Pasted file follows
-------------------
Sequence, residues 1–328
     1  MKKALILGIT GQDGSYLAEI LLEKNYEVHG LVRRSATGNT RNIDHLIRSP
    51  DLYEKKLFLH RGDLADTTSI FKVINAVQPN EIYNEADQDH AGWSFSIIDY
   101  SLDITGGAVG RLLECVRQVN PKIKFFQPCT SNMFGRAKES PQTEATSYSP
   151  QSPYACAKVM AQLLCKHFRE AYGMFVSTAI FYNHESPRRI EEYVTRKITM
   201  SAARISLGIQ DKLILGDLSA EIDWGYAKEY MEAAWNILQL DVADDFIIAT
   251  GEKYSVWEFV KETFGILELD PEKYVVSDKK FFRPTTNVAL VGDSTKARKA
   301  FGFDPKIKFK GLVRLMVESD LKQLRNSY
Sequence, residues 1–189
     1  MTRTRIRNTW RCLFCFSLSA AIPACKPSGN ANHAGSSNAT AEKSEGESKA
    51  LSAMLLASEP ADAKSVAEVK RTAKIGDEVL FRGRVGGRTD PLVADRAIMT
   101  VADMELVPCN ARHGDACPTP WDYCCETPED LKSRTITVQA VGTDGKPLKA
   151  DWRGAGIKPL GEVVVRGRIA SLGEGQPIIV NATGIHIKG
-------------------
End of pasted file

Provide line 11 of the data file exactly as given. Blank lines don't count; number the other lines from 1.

    51  LSAMLLASEP ADAKSVAEVK RTAKIGDEVL FRGRVGGRTD PLVADRAIMT